The terms learning disability, dyslexia, reading disability, and perceptual problems are frequently used in place of one other by the lay public.
Learning disability is a more general term and refers to a difficulty in any aspect of learning, rather than merely the inability to read (dyslexia specifically).
Learning disabilities are generally divided into two groups: Primary (inherited) and Secondary (caused by a physical factor that interferes with learning as a result of a brain injury.)
The most common learning disabilities fall into five, general categories:
1. Dyslexia is a disorder in which there is difficulty understanding written words.
2. Dysgraphia involves difficulty in writing words or writing within a defined space.
3. Auditory and Visual Processing Disorders involve sensory proccessing disabilities within the brain, resulting in difficulty understanding language.
4. Dyscalculia involves an inability to understand and perform mathmetical processes, especially simple calculations.
5. Visuo-spacial motor and memory disorders involve a wide variety of non-verbal learning and memory functions including processing, evaluating and organizing perceived data.
The exact cause of learning disabilities is unclear. They appear to be due to disorders or developmental delays involving the brain. Inherited factors may play a part. The exact neurochemical difficulties within the brain are not known and the subject of ongoing, scientific research.
Although poor vision, jerky eye movements, misaligned or crossed eyes, and hand-coordination have at times been claimed to be the cause of letter reversals or reading disabilities, there is little to no scientific evidence to support this belief.
Stated simply, the eyes function as a camera. After the eyes “take the picture,” it is sent to the brain by the optic nerves. The eyes do not comprehend reading any more than a camera interprets a picture. Until the picture from the camera is developed, it has no meaning. Similarly, until the brain interprets or “perceives” the pictures sent by the eyes, there is no understanding. With processing disorders involving what is heard, think of the ears in a similar fashion.
This perceptive ability by the brain is the key to the child’s ability to read or hear and understand what is presented in the learning environment. . Perception is quite different from vision and sight. It is the ability of the brain to recognize, use, and interpret visual images by relating them to previous experiences. In the past, reading problems have been blamed on the eyes though children with a learning disability have no greater incidence of eye problems than the rest of the population.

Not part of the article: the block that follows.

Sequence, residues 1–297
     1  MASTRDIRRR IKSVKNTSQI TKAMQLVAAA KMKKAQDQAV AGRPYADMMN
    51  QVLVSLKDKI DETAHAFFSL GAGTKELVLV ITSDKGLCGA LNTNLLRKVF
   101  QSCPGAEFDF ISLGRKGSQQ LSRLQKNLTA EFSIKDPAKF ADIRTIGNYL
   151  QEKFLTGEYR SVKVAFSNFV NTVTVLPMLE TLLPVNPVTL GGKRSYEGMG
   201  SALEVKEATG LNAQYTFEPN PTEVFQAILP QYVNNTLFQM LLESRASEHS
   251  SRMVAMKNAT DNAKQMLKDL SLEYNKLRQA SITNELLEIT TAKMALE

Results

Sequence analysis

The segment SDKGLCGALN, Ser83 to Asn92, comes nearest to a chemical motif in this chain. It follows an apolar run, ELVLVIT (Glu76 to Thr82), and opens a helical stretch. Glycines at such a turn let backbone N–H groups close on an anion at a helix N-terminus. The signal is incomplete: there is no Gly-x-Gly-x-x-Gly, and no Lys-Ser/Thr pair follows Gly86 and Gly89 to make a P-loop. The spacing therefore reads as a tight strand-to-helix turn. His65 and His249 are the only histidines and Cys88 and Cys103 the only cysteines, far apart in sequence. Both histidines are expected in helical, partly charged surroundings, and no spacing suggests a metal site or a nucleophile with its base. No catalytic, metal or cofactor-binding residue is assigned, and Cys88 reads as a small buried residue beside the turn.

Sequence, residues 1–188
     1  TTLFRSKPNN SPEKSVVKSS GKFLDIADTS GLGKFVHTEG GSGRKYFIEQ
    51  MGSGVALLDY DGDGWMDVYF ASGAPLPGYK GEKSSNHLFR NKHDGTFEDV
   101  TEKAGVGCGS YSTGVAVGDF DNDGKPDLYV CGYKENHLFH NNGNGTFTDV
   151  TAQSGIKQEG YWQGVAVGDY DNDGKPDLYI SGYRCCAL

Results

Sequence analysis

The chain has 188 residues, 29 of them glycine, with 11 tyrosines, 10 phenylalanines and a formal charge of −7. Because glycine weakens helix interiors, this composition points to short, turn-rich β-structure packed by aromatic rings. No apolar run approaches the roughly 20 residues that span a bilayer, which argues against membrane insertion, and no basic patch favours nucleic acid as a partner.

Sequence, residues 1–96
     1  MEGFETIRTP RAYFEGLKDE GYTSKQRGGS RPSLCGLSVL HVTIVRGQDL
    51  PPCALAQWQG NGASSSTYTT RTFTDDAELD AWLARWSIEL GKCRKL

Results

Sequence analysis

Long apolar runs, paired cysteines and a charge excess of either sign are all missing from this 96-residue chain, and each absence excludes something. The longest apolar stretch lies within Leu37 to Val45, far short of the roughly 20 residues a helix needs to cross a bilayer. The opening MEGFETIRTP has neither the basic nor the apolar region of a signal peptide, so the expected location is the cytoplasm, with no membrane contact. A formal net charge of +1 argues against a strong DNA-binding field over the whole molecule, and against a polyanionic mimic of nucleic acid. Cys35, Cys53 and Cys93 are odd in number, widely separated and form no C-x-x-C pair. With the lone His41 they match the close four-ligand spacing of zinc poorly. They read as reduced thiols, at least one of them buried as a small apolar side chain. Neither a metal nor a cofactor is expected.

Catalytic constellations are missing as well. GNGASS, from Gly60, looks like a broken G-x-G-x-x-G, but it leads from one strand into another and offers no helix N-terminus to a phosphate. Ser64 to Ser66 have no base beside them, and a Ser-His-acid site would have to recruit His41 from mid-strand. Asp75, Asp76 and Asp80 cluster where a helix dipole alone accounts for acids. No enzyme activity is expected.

Some learning disorders, such as dysgraphia and dyscalculia, on the other hand, are primarily disorders within the brain leading to an inability to process internally and coherently and correctly present materials to the environment, rather than involving perceptual difficulties.
If parents suspect that their child has a learning disability, they should first contact the child’s teacher or principal, and if necessary, the local or state Director of Special Education. Public law requires the school to evaluate any child who is thought to have a learning disability. Evaluations are normally performed using standardized tests, usually by a trained psychologist or a Pediatrician with a specialty in child development.
As soon as a learning disability is diagnosed, a child should be examined by a team of medical doctors, psychologists and educators to determine if physical or mental problems are the cause of the condition.
It may be difficult to absolutely diagnose a learning disability before a child reaches the age of six or seven. However, once a diagnosis is made, educational assistance is needed promptly.
Specific educational assistance is the best treatment for individuals with learning disabilities. Remedial training in areas where a disabled child is weakest is best managed by trained teachers, reading specialists, or tutors in special classes or schools. The law requires the child’s school to develop Individual Education Plans for all children with learning disabilities, so as to develop a comprehensive approach for each child. Parents are encouraged to participate in the process.
Gentle understanding, emotional support, and opportunities for the child to experience success in other non-reading activities should be encouraged. Allowing a child to “burn-off” tensions and frustrations through sports or artistic activities can be most helpful.
Learning disabilities may be complicated problems. Scientific evidence demonstrates that simple solutions such as diet, mega-vitamins, sugar restriction, eye exercises, or visual training do not improve reading skills. Unfortunately, relying solely on such treatment may actually harm the child by delaying proper educational assistance.
Are there any tests to help evaluate my child?
Does the school system supply the team to examine the child?
As the team tests and evaluates the child, will they explain the results?
Is there any cost?
What learning program can help my child’s learning disabilities?
How soon can it be started?
How will this affect my child’s self-esteem?
What can be done at home to help the situation?